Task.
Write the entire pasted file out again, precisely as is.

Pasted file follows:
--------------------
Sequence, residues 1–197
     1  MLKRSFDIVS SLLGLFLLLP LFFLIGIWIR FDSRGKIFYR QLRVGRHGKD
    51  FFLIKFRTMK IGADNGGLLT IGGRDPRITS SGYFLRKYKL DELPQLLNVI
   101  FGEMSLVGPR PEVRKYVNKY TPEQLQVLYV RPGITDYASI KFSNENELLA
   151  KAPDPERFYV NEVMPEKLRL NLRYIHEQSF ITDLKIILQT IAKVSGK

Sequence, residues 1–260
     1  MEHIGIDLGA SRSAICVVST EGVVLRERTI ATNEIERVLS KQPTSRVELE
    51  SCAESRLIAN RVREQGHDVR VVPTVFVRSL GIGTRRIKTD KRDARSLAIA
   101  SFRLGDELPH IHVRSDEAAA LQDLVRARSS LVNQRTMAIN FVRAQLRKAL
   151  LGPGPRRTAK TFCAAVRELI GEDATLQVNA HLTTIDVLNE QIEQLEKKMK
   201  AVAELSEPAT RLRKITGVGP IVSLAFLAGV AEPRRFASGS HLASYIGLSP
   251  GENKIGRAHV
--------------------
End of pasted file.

Sequence, residues 1–197
     1  MLKRSFDIVS SLLGLFLLLP LFFLIGIWIR FDSRGKIFYR QLRVGRHGKD
    51  FFLIKFRTMK IGADNGGLLT IGGRDPRITS SGYFLRKYKL DELPQLLNVI
   101  FGEMSLVGPR PEVRKYVNKY TPEQLQVLYV RPGITDYASI KFSNENELLA
   151  KAPDPERFYV NEVMPEKLRL NLRYIHEQSF ITDLKIILQT IAKVSGK

Sequence, residues 1–260
     1  MEHIGIDLGA SRSAICVVST EGVVLRERTI ATNEIERVLS KQPTSRVELE
    51  SCAESRLIAN RVREQGHDVR VVPTVFVRSL GIGTRRIKTD KRDARSLAIA
   101  SFRLGDELPH IHVRSDEAAA LQDLVRARSS LVNQRTMAIN FVRAQLRKAL
   151  LGPGPRRTAK TFCAAVRELI GEDATLQVNA HLTTIDVLNE QIEQLEKKMK
   201  AVAELSEPAT RLRKITGVGP IVSLAFLAGV AEPRRFASGS HLASYIGLSP
   251  GENKIGRAHV